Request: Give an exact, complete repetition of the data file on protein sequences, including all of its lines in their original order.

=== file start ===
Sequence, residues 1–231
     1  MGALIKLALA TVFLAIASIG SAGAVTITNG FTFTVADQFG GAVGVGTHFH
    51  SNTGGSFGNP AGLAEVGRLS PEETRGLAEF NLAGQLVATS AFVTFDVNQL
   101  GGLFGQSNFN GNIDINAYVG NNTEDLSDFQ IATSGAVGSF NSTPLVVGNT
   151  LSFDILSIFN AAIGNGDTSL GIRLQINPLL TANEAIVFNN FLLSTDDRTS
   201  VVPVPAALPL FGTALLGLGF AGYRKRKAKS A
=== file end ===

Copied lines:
Sequence, residues 1–231
     1  MGALIKLALA TVFLAIASIG SAGAVTITNG FTFTVADQFG GAVGVGTHFH
    51  SNTGGSFGNP AGLAEVGRLS PEETRGLAEF NLAGQLVATS AFVTFDVNQL
   101  GGLFGQSNFN GNIDINAYVG NNTEDLSDFQ IATSGAVGSF NSTPLVVGNT
   151  LSFDILSIFN AAIGNGDTSL GIRLQINPLL TANEAIVFNN FLLSTDDRTS
   201  VVPVPAALPL FGTALLGLGF AGYRKRKAKS A